Sound familiar? Social media and internal surveys have been awash with polls focused on the future of work – where do we want to work, how many days a week and for how long. Much of this debate, however, has looked at the workplace in black and white and placed workers in one of two camps; those who want to work from home and those who want to work from the office. Although this makes for a clear-cut argument, it also omits a key variable – the third workplace.
The third workplace has seen a rise in popularity in 2021, but what is it? The third workplace is a go-to spot which employees can choose to work from that is neither home, nor the office. Think coffee shop, library, hotel or even co-working spaces. As put by CBRE’s Julie Whelan:
“Hybrid work is not a binary choice between home or the office.”
In lockdown, the phrase ‘work from home’ perfectly described the situation we were all in. Millions of workers were doing precisely that – working from home. But coupled with eating from home, exercising from home, socialising from home, the concept of ‘at home’ quickly lost its novelty. As lockdown restrictions eased, we couldn’t wait to escape the four walls we’d been stuck behind for 18 months. For many, this meant a desire to get back to the office – because being in the office was better than being stuck in those same four walls.
But now, ‘work from home’ doesn’t seem to accurately reflect the possibilities we have in front of us. Terms like ‘remote working’, ‘hybrid working’ or ‘work from anywhere’ are much more representative, and appealing, than the thought of being tied to a home office. The third workplace brings more possibilities to realise that work-life balance we’re all chasing, and provides an extra level of flexibility to mix-and-match our work environment based on our mood or to-do list. Working from home when you’re expecting a delivery or have laundry to catch up on. A couple of hours in the coffee shop to get that in-between-meetings caffeine fix. One day a week in a co-working space to network with other local professionals. A day in the office to catch up with the team and plan for the next quarter. A week in the sun with your laptop in a Spanish villa.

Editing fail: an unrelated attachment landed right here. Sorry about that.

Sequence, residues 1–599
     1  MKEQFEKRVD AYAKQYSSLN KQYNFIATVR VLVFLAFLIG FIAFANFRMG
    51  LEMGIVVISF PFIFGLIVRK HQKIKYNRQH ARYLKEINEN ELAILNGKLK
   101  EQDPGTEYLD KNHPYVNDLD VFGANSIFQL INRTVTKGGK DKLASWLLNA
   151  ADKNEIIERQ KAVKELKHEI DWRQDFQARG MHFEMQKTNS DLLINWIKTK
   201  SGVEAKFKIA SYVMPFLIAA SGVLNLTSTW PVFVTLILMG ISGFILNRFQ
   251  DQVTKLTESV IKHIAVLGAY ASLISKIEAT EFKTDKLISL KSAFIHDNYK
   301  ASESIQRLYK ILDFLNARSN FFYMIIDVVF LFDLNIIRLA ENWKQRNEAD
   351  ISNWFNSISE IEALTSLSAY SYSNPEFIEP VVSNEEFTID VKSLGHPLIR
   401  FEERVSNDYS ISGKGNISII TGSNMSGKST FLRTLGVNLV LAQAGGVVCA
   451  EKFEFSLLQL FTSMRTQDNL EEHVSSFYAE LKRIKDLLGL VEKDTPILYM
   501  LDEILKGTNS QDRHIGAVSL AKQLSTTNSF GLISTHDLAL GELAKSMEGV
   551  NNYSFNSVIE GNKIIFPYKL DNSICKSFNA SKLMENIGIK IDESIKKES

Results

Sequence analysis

Third workplaces aren’t just about leisure and flexibility, however. They’re also about productivity. Whether it’s kids demanding a snack, or colleagues requesting a last-minute meeting, the home and the office can be equally distracting environments. The third workplace acts as a neutral, distraction-free environment where workers are free to focus on their tasks. The beauty of working in a room full of strangers going about their own business is it provides the buzz of background noise that can help people focus, without the layer of distraction that comes with working amongst family or peers. Plus, cafes, hotels and coffee shops are places we normally associate with relaxation and refreshment. Bringing work into this type of space can also help employees feel automatically at ease – another factor which can positively impact productivity.
Granted, working from anywhere isn’t a luxury that every role allows. There will always be roles that require employees to be in a specific location at a specific time with specific equipment. But, for the millions of workers who need nothing more than a laptop and Wi-Fi, the workplace really can be anywhere. Especially with tools like Microsoft Teams, SharePoint and Viva, and the introduction of Windows 365, it’s never been easier to pick up and shift your workspace on a daily or hourly basis.
Whichever way you look at it, the workplace has changed, and will continue to change in the next few years. One thing seems clear, however. As long as quality of work is maintained and deadlines continue to be met, it’s no longer about adjusting your life to fit your place of work, but adjusting your place of work to fit your life.